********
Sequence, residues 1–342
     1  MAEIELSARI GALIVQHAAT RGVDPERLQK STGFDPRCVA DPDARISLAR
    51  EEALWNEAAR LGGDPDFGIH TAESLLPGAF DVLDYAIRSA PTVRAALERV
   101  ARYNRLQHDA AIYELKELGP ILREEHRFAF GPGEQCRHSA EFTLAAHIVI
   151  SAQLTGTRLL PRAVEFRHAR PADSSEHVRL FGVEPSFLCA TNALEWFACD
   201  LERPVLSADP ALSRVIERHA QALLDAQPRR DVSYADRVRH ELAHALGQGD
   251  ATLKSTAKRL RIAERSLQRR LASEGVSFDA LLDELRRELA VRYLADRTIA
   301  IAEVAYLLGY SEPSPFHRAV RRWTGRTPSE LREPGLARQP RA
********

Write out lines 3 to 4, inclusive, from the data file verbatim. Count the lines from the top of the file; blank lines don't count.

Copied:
    51  EEALWNEAAR LGGDPDFGIH TAESLLPGAF DVLDYAIRSA PTVRAALERV
   101  ARYNRLQHDA AIYELKELGP ILREEHRFAF GPGEQCRHSA EFTLAAHIVI